Why I’m sticking with Garmin

This past week was not a good one for Garmin. Their ransomware attack was one of the worst that I’ve ever seen. I’ve spent over 20 years in IT and I’ve never seen a company become so paralyzed for so long. Everything seems to be back up and running now, but a lot of people in the fitness communities are asking if it’s time to move away from Garmin. I considered it briefly, but I have one very strong reason for sticking with them, and it’s actually what saved their bacon in this outage.

Direct file access.

Unlike most fitness watches on the market place, you can still plug your Garmin in to your computer and grab your .fit activity files, and do whatever you want with them. It’s why most people were able to continue to upload to sites like Strava just fine during the outage. You can still use the watch, and access your data, without the intervention of an online site. Granted, it’s not as slick and cool as the full interface, but it works, and I know my data is safe. That’s the key.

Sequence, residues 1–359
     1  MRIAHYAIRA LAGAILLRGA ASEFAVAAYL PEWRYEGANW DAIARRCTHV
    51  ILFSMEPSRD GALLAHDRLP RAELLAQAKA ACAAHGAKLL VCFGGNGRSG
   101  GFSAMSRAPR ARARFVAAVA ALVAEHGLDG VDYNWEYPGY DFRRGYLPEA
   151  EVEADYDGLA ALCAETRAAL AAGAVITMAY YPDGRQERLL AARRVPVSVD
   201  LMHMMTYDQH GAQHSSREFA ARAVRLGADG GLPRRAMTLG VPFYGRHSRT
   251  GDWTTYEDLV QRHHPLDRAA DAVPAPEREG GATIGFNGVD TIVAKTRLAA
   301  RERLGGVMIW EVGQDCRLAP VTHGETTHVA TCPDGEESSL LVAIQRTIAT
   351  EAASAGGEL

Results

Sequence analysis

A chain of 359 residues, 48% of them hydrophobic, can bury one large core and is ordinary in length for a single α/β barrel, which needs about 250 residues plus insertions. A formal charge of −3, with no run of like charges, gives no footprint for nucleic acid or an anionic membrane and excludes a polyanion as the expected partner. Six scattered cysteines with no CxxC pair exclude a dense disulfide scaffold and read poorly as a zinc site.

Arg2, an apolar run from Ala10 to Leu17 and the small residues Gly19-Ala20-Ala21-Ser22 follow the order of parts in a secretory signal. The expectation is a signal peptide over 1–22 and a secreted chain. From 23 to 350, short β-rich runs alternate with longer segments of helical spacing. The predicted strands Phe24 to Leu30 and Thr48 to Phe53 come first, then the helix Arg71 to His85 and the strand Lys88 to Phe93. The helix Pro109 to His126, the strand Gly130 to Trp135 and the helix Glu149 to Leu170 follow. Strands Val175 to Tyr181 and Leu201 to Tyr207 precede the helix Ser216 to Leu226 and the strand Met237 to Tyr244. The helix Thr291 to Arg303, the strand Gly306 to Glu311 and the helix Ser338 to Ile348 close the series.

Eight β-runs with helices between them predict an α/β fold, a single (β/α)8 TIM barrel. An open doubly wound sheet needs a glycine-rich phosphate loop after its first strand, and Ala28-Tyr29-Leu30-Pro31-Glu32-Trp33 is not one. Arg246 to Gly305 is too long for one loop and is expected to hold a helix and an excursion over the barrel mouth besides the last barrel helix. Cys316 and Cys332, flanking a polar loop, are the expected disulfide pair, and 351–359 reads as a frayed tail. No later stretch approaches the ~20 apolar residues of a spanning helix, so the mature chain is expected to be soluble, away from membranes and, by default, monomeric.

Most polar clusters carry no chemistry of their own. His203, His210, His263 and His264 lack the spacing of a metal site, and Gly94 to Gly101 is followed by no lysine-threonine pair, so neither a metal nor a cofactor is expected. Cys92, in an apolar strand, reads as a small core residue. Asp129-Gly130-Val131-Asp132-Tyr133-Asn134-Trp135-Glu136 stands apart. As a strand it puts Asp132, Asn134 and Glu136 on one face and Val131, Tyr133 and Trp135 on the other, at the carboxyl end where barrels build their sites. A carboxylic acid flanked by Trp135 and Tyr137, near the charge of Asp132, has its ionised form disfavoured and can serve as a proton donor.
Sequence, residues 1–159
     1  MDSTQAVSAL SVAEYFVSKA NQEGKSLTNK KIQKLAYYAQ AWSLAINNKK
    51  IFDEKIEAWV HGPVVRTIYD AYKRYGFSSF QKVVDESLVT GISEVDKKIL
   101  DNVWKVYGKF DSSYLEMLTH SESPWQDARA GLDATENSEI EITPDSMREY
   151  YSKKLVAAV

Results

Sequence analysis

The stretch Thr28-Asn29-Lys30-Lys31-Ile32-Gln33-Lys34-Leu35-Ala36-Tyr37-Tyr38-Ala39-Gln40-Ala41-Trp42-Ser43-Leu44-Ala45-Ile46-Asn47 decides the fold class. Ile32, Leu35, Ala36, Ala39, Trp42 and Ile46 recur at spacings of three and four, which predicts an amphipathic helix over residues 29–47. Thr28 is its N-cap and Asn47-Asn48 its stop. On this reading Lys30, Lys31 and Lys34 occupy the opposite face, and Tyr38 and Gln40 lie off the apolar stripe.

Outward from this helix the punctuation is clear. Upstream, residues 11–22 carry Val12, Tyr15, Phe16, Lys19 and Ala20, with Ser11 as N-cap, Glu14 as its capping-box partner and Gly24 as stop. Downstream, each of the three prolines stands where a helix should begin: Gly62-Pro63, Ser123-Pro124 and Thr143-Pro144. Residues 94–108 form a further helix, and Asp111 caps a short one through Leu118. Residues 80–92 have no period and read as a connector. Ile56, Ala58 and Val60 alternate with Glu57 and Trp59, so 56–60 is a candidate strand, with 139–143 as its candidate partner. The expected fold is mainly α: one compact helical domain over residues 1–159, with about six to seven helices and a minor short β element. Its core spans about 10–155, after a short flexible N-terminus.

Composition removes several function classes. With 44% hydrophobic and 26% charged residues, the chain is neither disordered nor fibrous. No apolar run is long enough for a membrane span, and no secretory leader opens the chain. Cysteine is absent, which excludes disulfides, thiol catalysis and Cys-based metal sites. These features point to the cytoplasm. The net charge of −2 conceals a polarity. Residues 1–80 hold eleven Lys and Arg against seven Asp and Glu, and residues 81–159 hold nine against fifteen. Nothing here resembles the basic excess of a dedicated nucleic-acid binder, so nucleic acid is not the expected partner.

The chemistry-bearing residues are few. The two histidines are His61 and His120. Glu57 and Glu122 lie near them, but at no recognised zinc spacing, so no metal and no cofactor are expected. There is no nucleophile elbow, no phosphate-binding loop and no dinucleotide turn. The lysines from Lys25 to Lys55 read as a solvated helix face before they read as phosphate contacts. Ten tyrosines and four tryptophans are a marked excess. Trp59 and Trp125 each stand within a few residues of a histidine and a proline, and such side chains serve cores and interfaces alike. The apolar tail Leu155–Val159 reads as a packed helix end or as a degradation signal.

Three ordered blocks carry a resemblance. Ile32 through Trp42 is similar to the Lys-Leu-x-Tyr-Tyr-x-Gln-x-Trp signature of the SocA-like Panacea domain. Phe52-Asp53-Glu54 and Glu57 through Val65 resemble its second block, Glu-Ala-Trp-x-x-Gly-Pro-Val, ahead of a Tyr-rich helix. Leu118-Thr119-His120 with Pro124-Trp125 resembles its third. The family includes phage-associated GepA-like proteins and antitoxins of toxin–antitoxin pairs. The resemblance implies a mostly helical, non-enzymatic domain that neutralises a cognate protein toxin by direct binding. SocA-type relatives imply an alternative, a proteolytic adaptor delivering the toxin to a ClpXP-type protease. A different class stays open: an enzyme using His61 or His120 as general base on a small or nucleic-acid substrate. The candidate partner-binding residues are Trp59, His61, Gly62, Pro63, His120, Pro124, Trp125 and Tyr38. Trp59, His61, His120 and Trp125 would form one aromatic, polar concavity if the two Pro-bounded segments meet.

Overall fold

My wife used to own a Suunto, and their MovesCount platform seemed to have issues periodically. When that happened, she was S.O.L. The Suunto watches don’t have any way for you to get into their file system, leaving your only gateway, the app and online service. Coros appears to be the same as well.

So despite having one of the worst cybersecurity breaches in history, I’m going to stick with the tried and true, that gives me the most flexibility at getting access to my data. Thanks Garmin for that, even if you need to work on your cybersecurity infrastructure.


Beer, running, and geeky things.

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